Paul Verhoeven, director of the first Basic Instinct (which scored US$353 million worldwide) as well as the widely ridiculed Showgirls (now regarded as something of a camp classic), attributes the genre's demise to the current American political climate.I found that a very interesting comment in view of the explosion of erotic fiction. The full article can be found here - Erotic Thrillers Lose Steam At Box Office.
"Anything that is erotic has been banned in the United States," said the Dutch native.
For a different point of view, have a read of this interesting RTB post by Nell Dixon where she talks about sweet romance's place in publishing today.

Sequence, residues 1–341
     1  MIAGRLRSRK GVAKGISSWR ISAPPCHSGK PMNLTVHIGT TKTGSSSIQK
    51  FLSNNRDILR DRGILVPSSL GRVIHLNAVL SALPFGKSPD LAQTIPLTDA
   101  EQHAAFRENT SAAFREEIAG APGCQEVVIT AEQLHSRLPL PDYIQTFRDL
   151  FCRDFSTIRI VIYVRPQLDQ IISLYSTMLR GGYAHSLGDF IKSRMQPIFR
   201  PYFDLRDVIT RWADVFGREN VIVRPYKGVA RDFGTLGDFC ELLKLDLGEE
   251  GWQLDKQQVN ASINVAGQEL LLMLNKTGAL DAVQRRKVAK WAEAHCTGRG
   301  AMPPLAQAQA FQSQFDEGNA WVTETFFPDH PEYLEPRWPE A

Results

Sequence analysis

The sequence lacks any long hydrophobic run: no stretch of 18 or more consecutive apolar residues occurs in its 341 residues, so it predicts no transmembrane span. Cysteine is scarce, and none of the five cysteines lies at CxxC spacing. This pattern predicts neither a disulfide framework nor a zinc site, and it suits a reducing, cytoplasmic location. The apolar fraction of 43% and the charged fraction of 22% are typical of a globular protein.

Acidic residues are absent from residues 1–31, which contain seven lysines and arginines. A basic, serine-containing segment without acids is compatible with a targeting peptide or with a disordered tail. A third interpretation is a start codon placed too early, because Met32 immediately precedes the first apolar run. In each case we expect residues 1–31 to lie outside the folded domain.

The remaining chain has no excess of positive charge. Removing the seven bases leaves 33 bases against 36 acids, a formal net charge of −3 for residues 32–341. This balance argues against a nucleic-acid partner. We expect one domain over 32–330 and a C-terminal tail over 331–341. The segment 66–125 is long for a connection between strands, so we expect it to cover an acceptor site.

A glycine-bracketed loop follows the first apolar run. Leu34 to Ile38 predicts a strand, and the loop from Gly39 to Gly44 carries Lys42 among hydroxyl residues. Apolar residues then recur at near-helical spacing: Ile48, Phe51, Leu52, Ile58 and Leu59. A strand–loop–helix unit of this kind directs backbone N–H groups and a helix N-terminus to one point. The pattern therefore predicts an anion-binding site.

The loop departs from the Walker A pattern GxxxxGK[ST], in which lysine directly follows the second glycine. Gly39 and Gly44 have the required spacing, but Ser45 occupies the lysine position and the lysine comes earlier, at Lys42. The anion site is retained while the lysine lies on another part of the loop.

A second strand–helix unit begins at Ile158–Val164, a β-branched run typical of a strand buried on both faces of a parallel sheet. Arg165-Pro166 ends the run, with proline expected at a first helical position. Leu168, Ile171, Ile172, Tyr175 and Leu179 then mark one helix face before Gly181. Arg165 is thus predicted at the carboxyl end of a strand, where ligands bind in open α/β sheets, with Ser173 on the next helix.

At the moment it seems that romantica, erotica and the spicier forms of romance are the flavour of the moment...
Diametrically opposing thoughts, but maybe it just depends where you're standing? Perhaps it's not that everything erotic has been banned in the States, but that it's difficult to make movies that are truly erotic and interesting. Or maybe it has to do with the fact that a lot of erotic fiction is written by women while the movies are made by men? Should they be making bestselling erotic novels written by women into movies instead?
I really have no idea where I'm going with this post but I just found the two opposing points of view quite interesting. I think they both hold grains of truth. Maybe the answer is somewhere in the middle?